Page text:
Who Get Ear: Here are 10 Songs You Need To Play This Week
During the same week, it was the 9th year ofDagrin’s passing and Sean Tizzle’s album, The Journey clocked five.
On this week of ‘Who Get Ear,’ we have Davina Oriakhi, Rosemary Alaba (David Alaba’s sister), Mobarz, Ditweni and a posse cut of our Northern brothers, put together by Ziv Marshall.
Here is this week’s edition;
Davina Oriakhi and Preye – Bang The Drum
First up is an activist anthem that canvasses idealism and the concept of identity. Sometimes, there seems a disconnect between the identity and idealism mutually inclusive on this song, but the singers are just canvassing this idealism as they understand who they are.
Thus, the song is simply saying we should teach our children the truth about their identity, and then forge idealism. In coherence with its title, it looks like the song is saying, ‘bang the drum of truth.’
When you actually hear the stick-drums, sidesticks, bass riffs and strings do their job on a beat suited for the first episode of a thrilling TV Show, you will understand.
Ditweni – State and Capital
Ditweni seems to always sail under the radar, but enough of that.
On this self-produced song that runs smoothly as an afro-house jam, with a soul vibe, Ditweni uses the classic Nigerian rhymes, ‘State and capital, Abia, Umuaiha…’ as canvass to tell a story of fulfilling the woman’s dream of ‘death by enjoyment.’
In this case, it is fulfilling the dream of travelling… albeit intra-country. But I feel you, Ditweni, if she can’t accept intra-country travelling she doesn’t deserve her passport stamped to cross oceans with you. Aye.
Glenn Mena featuring Dremo – Pull Up
Trap madness and sung-rap. Nard & B will be proud of this beat, so will Drumma Boy.
I would like to tell you this song has a back story, but it’s simply about the usual baggage attached to vibe-heavy songs, braggadocio.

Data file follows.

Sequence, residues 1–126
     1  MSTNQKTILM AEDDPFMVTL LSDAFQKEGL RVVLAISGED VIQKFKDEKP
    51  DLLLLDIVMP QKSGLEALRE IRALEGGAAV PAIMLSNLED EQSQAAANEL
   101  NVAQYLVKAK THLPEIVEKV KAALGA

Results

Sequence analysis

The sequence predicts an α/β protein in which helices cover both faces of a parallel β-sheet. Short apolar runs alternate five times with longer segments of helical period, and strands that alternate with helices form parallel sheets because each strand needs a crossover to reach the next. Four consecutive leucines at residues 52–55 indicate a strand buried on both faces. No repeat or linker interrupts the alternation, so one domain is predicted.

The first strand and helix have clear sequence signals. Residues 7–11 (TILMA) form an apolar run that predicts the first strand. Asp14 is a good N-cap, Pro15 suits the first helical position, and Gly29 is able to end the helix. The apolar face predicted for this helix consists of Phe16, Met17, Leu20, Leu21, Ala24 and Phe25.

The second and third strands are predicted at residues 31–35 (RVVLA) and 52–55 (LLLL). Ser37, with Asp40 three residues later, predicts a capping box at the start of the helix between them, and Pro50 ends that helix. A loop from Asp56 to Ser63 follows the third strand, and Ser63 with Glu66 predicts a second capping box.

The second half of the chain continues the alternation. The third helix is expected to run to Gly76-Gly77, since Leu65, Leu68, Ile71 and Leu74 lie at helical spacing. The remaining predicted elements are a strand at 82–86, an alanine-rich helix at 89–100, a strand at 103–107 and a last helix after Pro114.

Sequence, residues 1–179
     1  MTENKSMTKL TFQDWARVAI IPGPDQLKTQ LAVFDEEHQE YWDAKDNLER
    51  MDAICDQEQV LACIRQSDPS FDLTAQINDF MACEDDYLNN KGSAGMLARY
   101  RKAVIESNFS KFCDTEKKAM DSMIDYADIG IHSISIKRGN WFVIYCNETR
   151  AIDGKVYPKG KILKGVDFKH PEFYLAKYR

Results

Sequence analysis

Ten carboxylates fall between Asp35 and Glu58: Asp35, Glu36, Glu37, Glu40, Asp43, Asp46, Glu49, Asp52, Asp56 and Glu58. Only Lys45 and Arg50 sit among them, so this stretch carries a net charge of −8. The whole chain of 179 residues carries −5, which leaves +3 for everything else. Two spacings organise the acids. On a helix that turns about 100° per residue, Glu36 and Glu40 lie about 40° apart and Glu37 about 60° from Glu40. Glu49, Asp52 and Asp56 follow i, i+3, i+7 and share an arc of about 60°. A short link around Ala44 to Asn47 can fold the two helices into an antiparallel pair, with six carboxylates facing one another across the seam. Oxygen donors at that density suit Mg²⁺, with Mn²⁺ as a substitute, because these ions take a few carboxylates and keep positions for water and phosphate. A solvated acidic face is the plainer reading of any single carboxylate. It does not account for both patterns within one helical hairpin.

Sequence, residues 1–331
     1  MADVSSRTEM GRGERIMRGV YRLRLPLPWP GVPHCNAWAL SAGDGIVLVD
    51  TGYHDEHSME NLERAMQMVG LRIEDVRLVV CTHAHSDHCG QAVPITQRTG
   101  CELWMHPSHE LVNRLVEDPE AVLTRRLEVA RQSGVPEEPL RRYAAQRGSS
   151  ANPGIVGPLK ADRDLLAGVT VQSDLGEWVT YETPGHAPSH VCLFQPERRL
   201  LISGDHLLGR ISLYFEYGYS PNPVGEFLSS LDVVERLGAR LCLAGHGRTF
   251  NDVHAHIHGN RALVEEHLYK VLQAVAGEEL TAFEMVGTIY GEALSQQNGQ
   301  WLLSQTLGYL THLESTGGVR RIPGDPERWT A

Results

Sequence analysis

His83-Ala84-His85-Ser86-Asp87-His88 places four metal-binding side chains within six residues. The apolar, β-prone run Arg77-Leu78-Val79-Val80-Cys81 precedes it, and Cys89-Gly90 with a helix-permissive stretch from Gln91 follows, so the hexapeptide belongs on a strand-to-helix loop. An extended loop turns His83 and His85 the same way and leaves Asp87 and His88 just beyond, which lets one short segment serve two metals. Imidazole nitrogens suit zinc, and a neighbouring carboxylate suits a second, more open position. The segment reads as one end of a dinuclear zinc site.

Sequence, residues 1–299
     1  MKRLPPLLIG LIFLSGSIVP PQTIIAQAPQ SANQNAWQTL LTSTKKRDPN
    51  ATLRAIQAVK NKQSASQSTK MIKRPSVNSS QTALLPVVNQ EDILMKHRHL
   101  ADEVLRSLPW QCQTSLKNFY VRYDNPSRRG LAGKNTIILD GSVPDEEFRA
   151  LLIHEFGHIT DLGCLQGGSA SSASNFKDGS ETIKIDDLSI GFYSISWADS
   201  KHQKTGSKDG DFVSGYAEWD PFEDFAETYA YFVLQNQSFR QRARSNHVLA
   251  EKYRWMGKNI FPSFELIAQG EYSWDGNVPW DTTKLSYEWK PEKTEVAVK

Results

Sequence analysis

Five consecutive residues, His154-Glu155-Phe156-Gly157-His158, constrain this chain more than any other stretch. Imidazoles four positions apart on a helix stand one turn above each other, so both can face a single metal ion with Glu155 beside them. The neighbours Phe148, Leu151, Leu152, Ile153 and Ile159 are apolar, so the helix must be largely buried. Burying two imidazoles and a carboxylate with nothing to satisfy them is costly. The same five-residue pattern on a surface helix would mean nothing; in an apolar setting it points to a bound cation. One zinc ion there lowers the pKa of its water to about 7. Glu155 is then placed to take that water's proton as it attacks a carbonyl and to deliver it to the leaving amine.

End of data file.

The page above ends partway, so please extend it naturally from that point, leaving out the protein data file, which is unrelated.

However, ladies and gentlemen, this song is fire albeit familiar-sounding. Shout-out to the producer, Tiveri.
Olisa Franklin – Thank God
There are only a few things better than a thanksgiving song on a Friday after a stressful Lagos week.
It was sung in Igbo, so if you don’t understand, feel free to chop mouth, ask your Igbo friend for translation – if he has your time, or just simply vibe along.
This one is definitely the pon pon sound you want to vibe to this weekend. Shout-out to the producer, Chris Stingz.
Rose May Alaba – Go Down Low
Born to a Nigerian Father and Filipino Mother on May 26th, 1994 in Vienna, Austria, Alaba is the sister of Bayern Munich left-back, David Alaba.
Word on the street says the beautiful singer is not really a newbie, but a singer-songwriter with some rep, coming out Austria.
Now, she is looking to branch out on her own in the country of her father’s birth, speaking Nigerian idiosyncrasies in interesting, yet admirable ways.
The talent is definitely in her. For her debut solo single, produced by ace, Young John, you can expect the sound to be wicked.
A lo-fi dance song laced with the story of emotional availability.
It features Australia-based Nigerian singer on an infectious dancehall beat, laced with EDM effects and afrobeat vibes all in one.
This one should definitely be saved for the after-party, but it will be some irony if a girl and guy start dancing to this one. Oops.
While there is an attempt at a story on this one, there seems a disconnect.
The vibes, however, are more important and so is the rap that comes after the initial mumble.
This looks like one for the ladies.
Preye – Cookies
A second feature for Preye Itams, ladies and gentlemen, this is soul music.
Minimalism has a way of conveying emotion. Preye tells the story of defiance to the advances of someone unlucky enough to make himself her ex. Wow.
This one is for later in the evening, preferably for that partner who doesn’t want to help himself while faltering in his role as a partner – a subtle jolt back to reality. Please, make sure he’s not tone-deaf.
Ilaye – Metaphors
Ilaye is a songbird that sends chills down your spine.
She is affiliated is some ways to Nigeria’s biggest creative collective, WeTalkSound. This song is not about the impeccable story it tells in relation to its title, it’s simply about the sheer power of music to inspire unparalleled awe in one’s spirit.
All it required, Ilaye’s magical vocals, cloud strings and snaps.
Ziv Marshall featuring BOC, Ozee, Terry Tha Rapman And Jayphil – Fara
It’s no secret that Northern Nigeria is a cradle – maybe even home – of Nigerian Hip-Hop.
There, the soul is pure and the flows are pristine, unaffected by the pressures of Lagos demands for radio time.
Mostly, what they are saying, a lot of people won’t understand, but let the soul of Hip-Hop carry you.
The first guy who rapped will snatch your soul.